COLOMBO/LONDON, May 23 (Reuters) – Sri Lanka has hired heavyweight financial and legal advisers Lazard and Clifford Chance as it prepares for the difficult task of renegotiating its debts, a trio of sources told Reuters on Monday.
The move is the latest development in Sri Lanka’s worst economic crisis since independence from Britain in 1948 and comes after the country was officially declared in default for the first time ever last week after it halted debt payments. read more
All three sources asked not to be named because the talks remain private. Spokespeople from Sri Lanka’s Cabinet and Lazard, which has handled debt talks for dozens of crisis-strained countries in recent years, did not immediately reply to requests for comment while law firm Clifford Chance declined to comment.
Experts and economists have been waiting for the appointment as the country looks to restructure over $12 billion of overseas debt that had been building up for years but become unsustainable when COVID-19 hammered the economy.
The economy of around 22 million people began to show cracks in 2019 after large tax cuts by President Gotabaya Rajapaksa’s government drained the country’s coffers. The pandemic then shattered the lucrative tourism industry, and rising global prices have left Colombo struggling for essentials such as fuel, medicine and food.
Violence between pro- and anti-government factions and police left nine dead and more than 300 injured earlier this month. That was followed by the resignation of former prime minister Mahinda Rajapaksa. read more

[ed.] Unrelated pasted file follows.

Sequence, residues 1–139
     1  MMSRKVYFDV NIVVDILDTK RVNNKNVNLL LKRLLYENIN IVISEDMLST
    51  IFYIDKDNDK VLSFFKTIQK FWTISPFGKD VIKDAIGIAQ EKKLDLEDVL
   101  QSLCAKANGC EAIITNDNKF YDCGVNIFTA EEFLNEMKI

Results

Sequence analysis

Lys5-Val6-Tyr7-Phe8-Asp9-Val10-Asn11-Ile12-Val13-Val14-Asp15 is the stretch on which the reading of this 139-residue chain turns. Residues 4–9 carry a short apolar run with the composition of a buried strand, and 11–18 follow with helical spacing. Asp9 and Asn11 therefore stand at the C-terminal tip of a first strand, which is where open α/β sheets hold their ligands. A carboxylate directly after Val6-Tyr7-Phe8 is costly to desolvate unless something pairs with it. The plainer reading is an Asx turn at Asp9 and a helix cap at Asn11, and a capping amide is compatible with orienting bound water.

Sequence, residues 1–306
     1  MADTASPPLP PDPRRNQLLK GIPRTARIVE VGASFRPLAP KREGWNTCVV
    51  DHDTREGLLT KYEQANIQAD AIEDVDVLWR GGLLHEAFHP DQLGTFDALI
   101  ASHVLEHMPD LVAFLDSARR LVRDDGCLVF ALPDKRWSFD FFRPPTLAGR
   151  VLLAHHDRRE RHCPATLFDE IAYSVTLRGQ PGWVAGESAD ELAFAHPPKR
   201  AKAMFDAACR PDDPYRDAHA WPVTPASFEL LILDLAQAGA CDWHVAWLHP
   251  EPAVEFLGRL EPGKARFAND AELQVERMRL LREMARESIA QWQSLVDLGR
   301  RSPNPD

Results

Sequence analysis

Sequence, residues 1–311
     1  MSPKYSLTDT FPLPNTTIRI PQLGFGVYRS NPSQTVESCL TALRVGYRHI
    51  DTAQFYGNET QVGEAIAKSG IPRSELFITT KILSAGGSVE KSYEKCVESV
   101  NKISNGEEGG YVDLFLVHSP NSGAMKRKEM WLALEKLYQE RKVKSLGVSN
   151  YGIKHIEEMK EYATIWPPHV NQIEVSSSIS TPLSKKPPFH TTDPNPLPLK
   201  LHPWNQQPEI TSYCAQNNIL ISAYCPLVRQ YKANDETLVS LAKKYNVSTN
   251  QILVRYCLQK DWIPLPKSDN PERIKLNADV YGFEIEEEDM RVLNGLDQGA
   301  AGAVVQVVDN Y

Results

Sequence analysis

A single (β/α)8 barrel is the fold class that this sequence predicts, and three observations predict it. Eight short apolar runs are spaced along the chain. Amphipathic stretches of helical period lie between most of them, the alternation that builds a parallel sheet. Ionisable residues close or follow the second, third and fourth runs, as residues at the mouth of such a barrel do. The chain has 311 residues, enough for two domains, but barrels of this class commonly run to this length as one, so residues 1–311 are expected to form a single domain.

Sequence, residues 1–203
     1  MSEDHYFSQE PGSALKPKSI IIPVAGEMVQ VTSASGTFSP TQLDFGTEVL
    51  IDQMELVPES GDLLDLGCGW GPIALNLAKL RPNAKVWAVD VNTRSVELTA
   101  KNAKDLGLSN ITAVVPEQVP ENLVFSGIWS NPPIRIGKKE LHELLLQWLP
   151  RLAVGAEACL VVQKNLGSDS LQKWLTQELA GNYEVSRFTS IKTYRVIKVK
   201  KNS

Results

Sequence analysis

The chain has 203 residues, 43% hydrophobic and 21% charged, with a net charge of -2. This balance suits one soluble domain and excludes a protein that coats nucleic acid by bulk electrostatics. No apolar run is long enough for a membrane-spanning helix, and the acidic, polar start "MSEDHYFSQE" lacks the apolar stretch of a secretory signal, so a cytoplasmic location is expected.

“By far the most important thing is to what extent the government will have the political will, and the ability, to deliver on the pre-conditions for the IMF programme,” said Gramercy’s co-head of sovereign research & strategy, Petar Atanasov.
“Governments are often willing to do the things that are required when their backs are completely against the wall.”
While there are hopes a deal can be struck to ease the economic crisis, it is unlikely to be straightforward.
A mix of loans from China, India and Japan, as well as all the bonds held by private investment funds mean long-resisted but now embraced talks with the International Monetary Fund (IMF) could be complex, especially if social unrest worsens.
Other factors have included heavily subsidised domestic prices of fuel and a decision to ban the import of chemical fertilisers, which devastated the agriculture sector.
A group of Sri Lanka’s largest sovereign dollar bondholders has hired Rothschild as its financial adviser and another legal firm, White & Case, as its legal adviser.
“I think the new Cabinet would really have to show quick solutions to really pressing problems such as electricity and importation of goods to pacify the people,” said Carlos de Sousa, an emerging market strategist at Vontobel Asset Management which holds Sri Lanka’s bonds.
“They will try, but it is not clear to me whether they will be sufficiently successful. We will see.”